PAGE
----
It was the last time feeding Melo pigs ears. And diced New Zealand steak. And mince. And expensive dog biscuits. The last time he looked through the mosquito screen at me as if to say, “you coming? I’m ready”.

It was the last time at Moby’s, a local dive frequented by Aussies and Kiwis and a range of other expats where we watched the rugby and where I first rolled my eyes and said, oh this place just isn’t for me. Right up until I discovered the best fish curry I’ve ever eaten. I ate my last fish curry the night before we left.

It was the last time at Lahata, a beach resort an hour out of town. I think the Sea God knew something was up. He took a perfectly calm wave and dumped me, tossed me onto the seabed, bruising both my knees and my dignity. I spluttered out of the water, top akimbo, all my white flesh and lumpy bits exposed, one reef shoe missing and my Ray Bans never to be seen again. Trying to placate him, I muttered quietly under my breath that while I was leaving, it wasn’t necessarily something I WANTED to do.

It was the last time at the movies. A cool sanctuary as the days got hotter the cinema offered a good range of block busters, weekday afternoons for 3 dollars a ticket. It also frequently loses all power and there’re minutes sitting in the dark waiting for the generator to kick in. That week there were also tears. My friend Jane looked across at me wiping my eyes.

“Are you crying?” she whispered

“nah, yeah, nah” I said

“It’s Jumanji!!!” she said, laughing so hard she snorted.

It was my last day at work. Among so many mysteries, there’s also a musical mystery in Timor-Leste. They sing a very similar version of Pokarekare Ana, same tune, similar lyrics. I said well it may be our song, or it may be yours, but we’re all happy to share so we sang it over afternoon tea.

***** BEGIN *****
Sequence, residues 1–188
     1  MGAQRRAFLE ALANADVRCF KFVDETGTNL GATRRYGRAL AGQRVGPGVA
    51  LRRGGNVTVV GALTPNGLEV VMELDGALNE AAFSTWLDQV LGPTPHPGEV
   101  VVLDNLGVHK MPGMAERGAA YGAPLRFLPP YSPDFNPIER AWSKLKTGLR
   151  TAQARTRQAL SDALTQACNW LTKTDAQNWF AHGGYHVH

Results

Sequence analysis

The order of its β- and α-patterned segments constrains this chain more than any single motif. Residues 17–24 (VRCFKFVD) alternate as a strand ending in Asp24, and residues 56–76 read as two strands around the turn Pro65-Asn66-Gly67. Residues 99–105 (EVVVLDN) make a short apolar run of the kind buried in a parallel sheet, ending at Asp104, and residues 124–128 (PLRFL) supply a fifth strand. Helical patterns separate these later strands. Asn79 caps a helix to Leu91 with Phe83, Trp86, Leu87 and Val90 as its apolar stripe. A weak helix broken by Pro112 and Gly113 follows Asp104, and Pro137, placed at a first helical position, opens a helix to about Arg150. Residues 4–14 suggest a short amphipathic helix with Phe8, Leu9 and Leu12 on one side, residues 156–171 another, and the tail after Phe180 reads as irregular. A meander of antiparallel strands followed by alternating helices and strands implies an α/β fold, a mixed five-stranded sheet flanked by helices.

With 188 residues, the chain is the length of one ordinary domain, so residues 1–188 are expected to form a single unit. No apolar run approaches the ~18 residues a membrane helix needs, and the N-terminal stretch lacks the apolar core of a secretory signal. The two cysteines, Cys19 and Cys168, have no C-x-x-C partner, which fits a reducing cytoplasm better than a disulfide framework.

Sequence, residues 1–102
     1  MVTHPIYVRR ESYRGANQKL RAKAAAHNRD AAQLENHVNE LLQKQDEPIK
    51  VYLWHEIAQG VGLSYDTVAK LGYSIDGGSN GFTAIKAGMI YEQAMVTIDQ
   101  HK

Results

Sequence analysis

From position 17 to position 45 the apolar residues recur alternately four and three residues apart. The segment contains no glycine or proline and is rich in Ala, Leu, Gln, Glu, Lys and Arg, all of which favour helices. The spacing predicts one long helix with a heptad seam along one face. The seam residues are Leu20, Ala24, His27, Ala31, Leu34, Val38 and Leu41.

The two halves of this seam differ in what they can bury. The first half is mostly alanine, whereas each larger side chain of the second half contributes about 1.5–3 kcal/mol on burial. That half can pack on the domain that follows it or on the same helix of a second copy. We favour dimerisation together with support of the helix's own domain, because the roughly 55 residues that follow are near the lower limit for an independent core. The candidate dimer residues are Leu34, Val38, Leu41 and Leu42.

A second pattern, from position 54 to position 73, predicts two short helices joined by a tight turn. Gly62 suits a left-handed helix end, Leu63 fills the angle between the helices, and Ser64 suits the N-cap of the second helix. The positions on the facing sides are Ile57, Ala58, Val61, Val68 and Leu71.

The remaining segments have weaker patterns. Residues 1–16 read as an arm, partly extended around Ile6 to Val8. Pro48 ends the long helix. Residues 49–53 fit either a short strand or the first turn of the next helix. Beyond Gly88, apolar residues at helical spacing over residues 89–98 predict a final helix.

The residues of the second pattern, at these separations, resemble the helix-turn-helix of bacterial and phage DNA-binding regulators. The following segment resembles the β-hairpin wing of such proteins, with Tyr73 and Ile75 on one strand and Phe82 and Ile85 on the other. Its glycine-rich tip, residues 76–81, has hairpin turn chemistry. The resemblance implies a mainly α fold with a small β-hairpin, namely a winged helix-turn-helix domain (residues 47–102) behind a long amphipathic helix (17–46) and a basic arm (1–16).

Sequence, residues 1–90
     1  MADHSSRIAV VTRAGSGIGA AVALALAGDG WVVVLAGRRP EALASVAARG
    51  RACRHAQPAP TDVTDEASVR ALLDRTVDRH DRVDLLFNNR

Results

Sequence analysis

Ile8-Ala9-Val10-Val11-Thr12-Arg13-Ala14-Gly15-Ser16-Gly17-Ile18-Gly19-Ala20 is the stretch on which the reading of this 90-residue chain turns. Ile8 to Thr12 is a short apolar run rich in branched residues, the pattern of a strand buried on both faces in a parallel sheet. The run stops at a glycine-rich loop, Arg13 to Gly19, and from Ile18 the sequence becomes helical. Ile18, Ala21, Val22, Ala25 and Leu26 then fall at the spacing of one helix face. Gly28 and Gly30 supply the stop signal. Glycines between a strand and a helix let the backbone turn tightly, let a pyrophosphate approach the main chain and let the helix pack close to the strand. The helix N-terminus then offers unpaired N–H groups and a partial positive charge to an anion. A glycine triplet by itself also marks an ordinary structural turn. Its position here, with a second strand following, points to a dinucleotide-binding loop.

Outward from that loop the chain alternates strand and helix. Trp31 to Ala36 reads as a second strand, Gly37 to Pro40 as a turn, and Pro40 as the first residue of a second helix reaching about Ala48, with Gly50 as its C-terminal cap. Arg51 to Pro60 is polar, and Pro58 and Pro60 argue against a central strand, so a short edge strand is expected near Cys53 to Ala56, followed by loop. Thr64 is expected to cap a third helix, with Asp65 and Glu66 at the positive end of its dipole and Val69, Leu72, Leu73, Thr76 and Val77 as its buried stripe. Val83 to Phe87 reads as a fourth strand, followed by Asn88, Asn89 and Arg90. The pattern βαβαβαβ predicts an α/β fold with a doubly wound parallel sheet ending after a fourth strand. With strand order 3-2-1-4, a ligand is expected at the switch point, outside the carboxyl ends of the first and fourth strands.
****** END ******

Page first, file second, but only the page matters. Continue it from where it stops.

‘Are you crying?” Mark whispered

“nah, yeah, nah” I said.

My work buddy Akito had suggested he bring the guitar, someone else picked it up and for 40 minutes the tearoom was full of song. I said to the boss, New Zealanders like to bring the party to the party. It felt like home.

It was my last trip along the esplanda, a bunch of brown boys splashing in the water after school, my last coffee, my last basket of washing handed back, folded, pristine taken care of by Grandma.

The last swim in the hotel pool, that $240 membership probably the best thing we did in the first week in Dili.

I had the last sleep in my lumpy bed. The rooster woke me up at 4.30am, and then again at 5, and 6 and at 7. I thought of him in a pot, remembered I wouldn’t hear him again, and hushed my murderous thinking.

And just cos I could, I made one final trip out to Hera to pick up my drivers’ license. They ran out of plastic cards 10 months ago. Who knows, one day I may need it again.

I’ve been to the supermarket in New Zealand, I’m gob smacked at the price of food. I’ve grumbled about the fact that even bloody Timor has better mobile coverage than Central Otago. I’ve been cold enough to wear socks and shoes and I’ve had my first hot bath for over 10 months. Being back feels sort of normal. But only sort of.

I miss the heat in my bones.